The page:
Picturing Protest Captures Era of Upheaval 50 Years Ago in the U.S.

Distributed June 12, 2018

Gordon Parks, American, 1912–2006, for LIFE magazine, Untitled, March on Washington for Jobs and Freedom, Washington, D.C., August 28, 1963, printed 2016. Inkjet print. Museum purchase, Hugh Leander Adams, Mary Trumbull Adams, and Hugh Trumbull Adams Princeton Art Fund. © The Gordon Parks Foundation.PRINCETON, N.J. – The civil rights movement and the movement against the U.S. war in Vietnam came to a head in the 1960s, inspiring protests across the country. Fifty years after the watershed events of 1968, Picturing Protest examines the visual framing of political demonstrations around the country and on Princeton’s campus. At a time when the coverage and circulation of news media were rapidly expanding, many of these photographs became icons of social struggle, fundamentally changing the ways people have visualized the United States ever since. Drawn from Princeton University collections, the images on view compel us to contemplate the capacity of protest, and of art, to imagine, interpret and cultivate change.            

       Picturing Protest is curated by Juliana Dweck, Mellon Curator of Academic Engagement at the Princeton University Art Museum, and is made possible by the Anne C. Sherrerd, Graduate School Class of 1987, Art Museum Fund. It will be on view at the Museum from May 26 through Oct. 14, 2018.

       “The 1960s saw the voices of protest rise and cascade around the country,” said James Steward, Nancy A. Nasher–David J. Haemisegger, Cass of 1976, Director. “Through this exhibition, the Museum investigates the visual culture of protest 50 years on with an eye towards better understanding the power of photography as a medium for both documenting protest and sometimes participating in it.”

      Fred W. McDarrah, American, 1925–2007, for The Village Voice, Demonstrators at the Women’s Strike for Equality, New York City, August 26, 1970. Gelatin silver print. Gift of the Estate of Fred W. McDarrah. © Estate of Fred W. McDarrah / Getty Images. Picturing Protest presents some 35 works – photographs, video and prints – by a wide range of artists, including both photojournalists and activists acting as photographers. The exhibition also features archival photographs from Princeton University’s Seeley G. Mudd Manuscript Library in a section devoted to student anti-war demonstrations on Princeton’s campus.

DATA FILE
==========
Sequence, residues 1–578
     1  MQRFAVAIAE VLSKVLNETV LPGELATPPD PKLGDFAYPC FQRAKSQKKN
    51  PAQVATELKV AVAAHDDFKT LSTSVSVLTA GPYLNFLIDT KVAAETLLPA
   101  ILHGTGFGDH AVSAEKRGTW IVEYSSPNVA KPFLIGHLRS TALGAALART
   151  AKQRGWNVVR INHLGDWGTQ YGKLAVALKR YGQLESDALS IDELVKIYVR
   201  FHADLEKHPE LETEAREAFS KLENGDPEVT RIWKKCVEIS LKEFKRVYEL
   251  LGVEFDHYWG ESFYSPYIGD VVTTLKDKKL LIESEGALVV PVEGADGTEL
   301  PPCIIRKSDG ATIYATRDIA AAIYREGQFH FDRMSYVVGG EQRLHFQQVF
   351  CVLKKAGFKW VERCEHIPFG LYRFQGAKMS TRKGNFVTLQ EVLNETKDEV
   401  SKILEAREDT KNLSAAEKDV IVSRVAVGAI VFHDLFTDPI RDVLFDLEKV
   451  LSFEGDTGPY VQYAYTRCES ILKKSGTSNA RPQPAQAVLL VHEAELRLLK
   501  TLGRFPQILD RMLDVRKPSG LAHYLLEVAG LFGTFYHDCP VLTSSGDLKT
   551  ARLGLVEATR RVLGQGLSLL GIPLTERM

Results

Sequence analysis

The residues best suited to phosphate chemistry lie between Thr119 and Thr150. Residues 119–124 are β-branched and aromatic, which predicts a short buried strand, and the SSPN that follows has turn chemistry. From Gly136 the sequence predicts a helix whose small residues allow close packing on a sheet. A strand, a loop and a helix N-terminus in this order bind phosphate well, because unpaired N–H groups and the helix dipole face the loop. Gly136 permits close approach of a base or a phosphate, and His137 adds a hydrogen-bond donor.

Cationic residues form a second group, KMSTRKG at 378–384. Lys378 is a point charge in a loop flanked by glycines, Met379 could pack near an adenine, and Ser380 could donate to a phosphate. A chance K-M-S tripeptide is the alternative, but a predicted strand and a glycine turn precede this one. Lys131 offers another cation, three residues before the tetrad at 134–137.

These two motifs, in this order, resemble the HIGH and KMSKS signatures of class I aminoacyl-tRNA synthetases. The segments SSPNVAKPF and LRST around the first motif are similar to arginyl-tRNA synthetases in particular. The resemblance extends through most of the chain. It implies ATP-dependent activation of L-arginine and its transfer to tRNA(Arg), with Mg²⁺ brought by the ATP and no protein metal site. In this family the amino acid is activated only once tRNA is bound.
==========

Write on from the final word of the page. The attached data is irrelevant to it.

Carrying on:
Robert Rauschenberg, American, 1925–2008, No. 48, from Surface Series From Currents, 1970. Screenprint. Gift of Arthur A. Goldberg. © Robert Rauschenberg Foundation / Licensed by VAGA, New York, NY / photo Bruce M. White.   The images in the exhibition document protests from the civil rights, anti-Vietnam War, feminist and gay rights movements from 1960 to 1970. Among the charged scenes are demonstrators in conflict with police in Birmingham, Alabama, in 1963 by Charles Moore; a student vigil at Princeton following the death of Martin Luther King Jr. in 1968; Gordon Parks’s photograph of the 1963 March on Washington for Jobs and Freedom, which appeared in Life magazine; Fred McDarrah’s images of supporters of the women’s liberation movement from 1970; and John Filo’s searing images of a student protester slain on the Kent State University campus in 1970.

      Bill Pierce, for Princeton Alumni Weekly, Washington peace demonstration, November 15, 1969. Gelatin silver print. University Archives, Princeton University Library. In addition to riveting examples of photojournalism from the era, well-known artists such as Andy Warhol, Robert Rauschenberg and Richard Hamilton re-present images of protest through collage, film and printmaking to comment on the ways that the media was conditioning the public’s understanding of violence, power and race.

       A concurrent installation at the Princeton University Art Museum, Photography and Belonging, explores issues of migration, inclusion and exclusion, with special attention to the work of three photographers: Lewis Hine's images of early 20th-century immigrants in New York; Roman Vishniac's portrayal of European Jewish communities in the years before the Holocaust; and Fazal Sheikh's collaborative portraits of displaced persons in recent decades.

About the Princeton University Art Museum

       With a collecting history that extends back to 1755, the Princeton University Art Museum is one of the leading university art museums in the country, with collections that have grown to include over 100,000 works of art ranging from ancient to contemporary art and spanning the globe.

       Committed to advancing Princeton’s teaching and research missions, the Art Museum also serves as a gateway to the University for visitors from around the world. Intimate in scale yet expansive in scope, the Museum offers a respite from the rush of daily life, a revitalizing experience of extraordinary works of art and an opportunity to delve deeply into the study of art and culture.

       The Princeton University Art Museum is located at the heart of the Princeton campus, a short walk from the shops and restaurants of Nassau Street. Admission is free. Museum hours are Tuesday, Wednesday, Friday and Saturday 10 a.m. to 5 p.m.; Thursday 10 a.m. to 9 p.m.; and Sunday 12 p.m. to 5 p.m. The Museum is closed Mondays and major holidays.

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